“On Top of the World,” New Era, May 1996, 20
You’re going on a backpacking trip, with lots of camping and hiking involved, and you want to make it the best trip ever. Here’s a checklist of important things to bring:
—A warm sleeping bag.
—Lightweight cooking gear.
Yes. The last item is correct. That’s what the young men from the Canyon Ward, Spanish Fork Utah Stake, learned last year. Not only did they get to hike in some of the most scenic mountains in Wyoming and Montana, but they scaled even higher heights by including daily scripture study as the focus of their wilderness experience.
“We’ve been on great hikes before,” says John Oldham, 16, past captain of the ward’s Varsity Scout team. “But this time we really emphasized the spiritual side in our planning.”
For example, the trek began with a testimony meeting. “It was great,” says Joshua Christensen, 18. “We sat and looked at the Teton Mountains as the sun went down. We talked about the gospel, about each other, about the Savior. The Spirit was there. It set a great mood for the entire trip.”
That’s not all. The group held devotionals and firesides every day. And each day they studied a scriptural theme.
“We’d read a scripture together in the morning, ask some questions about it, then we’d try to think about it or put it into practice during the day,” explains Doug Thompson, 15. “Then at night we’d talk about our answers.”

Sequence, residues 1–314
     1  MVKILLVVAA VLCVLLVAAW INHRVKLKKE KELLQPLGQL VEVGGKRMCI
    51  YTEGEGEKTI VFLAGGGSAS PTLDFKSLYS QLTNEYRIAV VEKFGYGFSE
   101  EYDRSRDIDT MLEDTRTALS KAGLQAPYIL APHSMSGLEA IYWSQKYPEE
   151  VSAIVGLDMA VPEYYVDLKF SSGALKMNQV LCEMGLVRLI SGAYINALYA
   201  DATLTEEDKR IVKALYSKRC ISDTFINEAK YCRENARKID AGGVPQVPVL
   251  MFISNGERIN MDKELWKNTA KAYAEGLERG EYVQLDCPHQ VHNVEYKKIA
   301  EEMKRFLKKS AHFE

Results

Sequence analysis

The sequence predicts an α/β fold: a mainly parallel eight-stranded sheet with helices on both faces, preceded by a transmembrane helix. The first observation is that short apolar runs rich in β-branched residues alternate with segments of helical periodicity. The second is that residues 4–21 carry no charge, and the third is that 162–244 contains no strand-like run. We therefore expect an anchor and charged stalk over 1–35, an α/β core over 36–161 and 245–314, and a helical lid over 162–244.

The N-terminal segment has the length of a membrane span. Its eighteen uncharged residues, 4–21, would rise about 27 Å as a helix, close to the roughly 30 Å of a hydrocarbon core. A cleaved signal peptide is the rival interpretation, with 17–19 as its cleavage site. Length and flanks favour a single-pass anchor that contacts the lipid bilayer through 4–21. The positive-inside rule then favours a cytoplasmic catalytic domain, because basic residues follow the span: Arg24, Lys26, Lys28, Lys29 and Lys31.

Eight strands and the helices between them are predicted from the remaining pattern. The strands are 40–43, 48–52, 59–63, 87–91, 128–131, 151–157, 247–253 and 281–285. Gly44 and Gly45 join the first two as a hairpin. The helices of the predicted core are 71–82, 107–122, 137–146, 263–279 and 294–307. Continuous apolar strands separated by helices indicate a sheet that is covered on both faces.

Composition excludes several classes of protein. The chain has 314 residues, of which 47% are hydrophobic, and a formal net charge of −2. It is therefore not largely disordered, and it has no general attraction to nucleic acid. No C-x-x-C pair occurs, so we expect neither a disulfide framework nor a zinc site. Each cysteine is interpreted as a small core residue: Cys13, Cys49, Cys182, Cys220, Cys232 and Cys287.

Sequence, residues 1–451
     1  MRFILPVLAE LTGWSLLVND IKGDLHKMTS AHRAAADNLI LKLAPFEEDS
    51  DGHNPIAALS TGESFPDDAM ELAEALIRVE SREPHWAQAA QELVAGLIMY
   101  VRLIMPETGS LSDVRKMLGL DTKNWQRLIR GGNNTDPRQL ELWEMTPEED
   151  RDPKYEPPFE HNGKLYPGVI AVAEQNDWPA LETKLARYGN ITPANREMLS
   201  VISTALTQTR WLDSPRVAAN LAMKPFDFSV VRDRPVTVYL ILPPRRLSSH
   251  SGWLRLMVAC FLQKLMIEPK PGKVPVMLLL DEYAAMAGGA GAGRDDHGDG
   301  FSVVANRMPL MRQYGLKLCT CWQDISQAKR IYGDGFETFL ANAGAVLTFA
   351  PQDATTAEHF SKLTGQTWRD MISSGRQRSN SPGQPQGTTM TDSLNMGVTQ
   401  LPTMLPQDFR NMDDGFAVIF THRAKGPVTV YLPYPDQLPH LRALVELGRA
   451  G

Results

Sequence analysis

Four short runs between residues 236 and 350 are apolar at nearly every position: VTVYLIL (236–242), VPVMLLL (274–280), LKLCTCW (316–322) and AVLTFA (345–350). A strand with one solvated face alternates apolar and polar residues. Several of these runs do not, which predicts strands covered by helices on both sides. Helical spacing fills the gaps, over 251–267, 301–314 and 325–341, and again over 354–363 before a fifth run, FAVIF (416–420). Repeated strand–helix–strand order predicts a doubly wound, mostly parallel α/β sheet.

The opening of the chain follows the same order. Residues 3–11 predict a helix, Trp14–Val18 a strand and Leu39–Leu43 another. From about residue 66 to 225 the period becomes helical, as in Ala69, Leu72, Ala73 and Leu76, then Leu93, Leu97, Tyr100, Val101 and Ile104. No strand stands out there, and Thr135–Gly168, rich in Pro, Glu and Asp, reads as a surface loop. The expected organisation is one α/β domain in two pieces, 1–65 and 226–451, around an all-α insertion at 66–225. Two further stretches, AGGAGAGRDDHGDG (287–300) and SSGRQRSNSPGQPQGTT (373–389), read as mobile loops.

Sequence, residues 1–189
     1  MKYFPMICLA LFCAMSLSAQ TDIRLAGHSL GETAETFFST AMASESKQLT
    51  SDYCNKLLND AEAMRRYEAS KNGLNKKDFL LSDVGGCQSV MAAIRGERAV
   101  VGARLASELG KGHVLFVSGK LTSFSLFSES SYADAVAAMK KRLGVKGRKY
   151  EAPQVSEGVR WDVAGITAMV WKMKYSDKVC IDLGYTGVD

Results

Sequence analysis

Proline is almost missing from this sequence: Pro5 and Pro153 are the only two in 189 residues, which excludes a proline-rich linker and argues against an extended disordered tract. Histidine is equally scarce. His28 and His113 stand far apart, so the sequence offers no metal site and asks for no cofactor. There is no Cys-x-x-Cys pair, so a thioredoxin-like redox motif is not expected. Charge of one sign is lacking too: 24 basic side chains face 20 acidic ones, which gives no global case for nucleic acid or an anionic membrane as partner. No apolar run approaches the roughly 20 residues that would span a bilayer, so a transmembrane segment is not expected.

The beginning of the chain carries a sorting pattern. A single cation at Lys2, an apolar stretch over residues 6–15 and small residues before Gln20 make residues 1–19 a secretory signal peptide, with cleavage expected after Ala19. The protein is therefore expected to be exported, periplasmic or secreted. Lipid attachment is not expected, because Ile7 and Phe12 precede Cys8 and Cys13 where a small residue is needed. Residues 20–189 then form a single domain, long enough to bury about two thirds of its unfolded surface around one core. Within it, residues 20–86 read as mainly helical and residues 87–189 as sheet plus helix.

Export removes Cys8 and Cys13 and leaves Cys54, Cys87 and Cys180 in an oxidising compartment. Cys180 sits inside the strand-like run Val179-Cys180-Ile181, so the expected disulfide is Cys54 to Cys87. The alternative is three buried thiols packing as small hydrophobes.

The result was that everyone was talking about, thinking about, and acting upon the scriptures.
“We read about prayer,” Doug continues, “and while we were hiking there was a time for everyone to ask for something, like praying for strength when the backpacks seemed too heavy, or for a little extra boost to make it through the rain.”
Joe Oldham, 16, says he appreciated one day’s devotional that talked about helping others.
“That same day, my cousin John and I were the first ones up to the top lake. I stayed there to watch our packs, and John went down to help my younger brother, Mike (14), with his pack because it was so heavy. Everyone helped each other out.”
“One day when our firewood was all wet,” says Alex Wright, 19 (now on a mission in Brazil), “a bunch of guys came and brought us dry firewood. That was on the same day we’d been reading about service.”
“There were tons of waterfalls,” Ryan Steadman, 14, remembers. “They’re huge and they cascade down the rocks and make all this mist. It’s so beautiful you have to believe someone made it. It made me think of the scripture (Moses 6:63) that says, ‘All things bear record of me.’”
And there were other lessons learned while hiking and camping:
“I gained an appreciation for the blessings we take for granted at home,” says Joe Elliott, 16. “In the wild you can’t just go get a drink of water; you have to pump for 20 minutes to purify it.”
“You think you need all these things to survive,” John adds. “You think you need to play basketball, to go on dates, to listen to music all the time. But out there, you can live without the worldly things. And when you read the scriptures, you can concentrate more closely on what the Lord wants you to hear.”
“Our first devotional was on prayer, on being able to pray at any time about anything,” Joshua says. “I think we all did that throughout the trip. And it taught us how to walk with the Spirit. I thought a lot about Proverbs 3:5–6 [Prov. 3:5–6], ‘Trust in the Lord with all thine heart; and lean not unto thine own understanding. In all thy ways acknowledge him, and he shall direct thy paths.’ I thought as we were hiking along the mountain trails physically, that spiritually we were also hiking some trails.”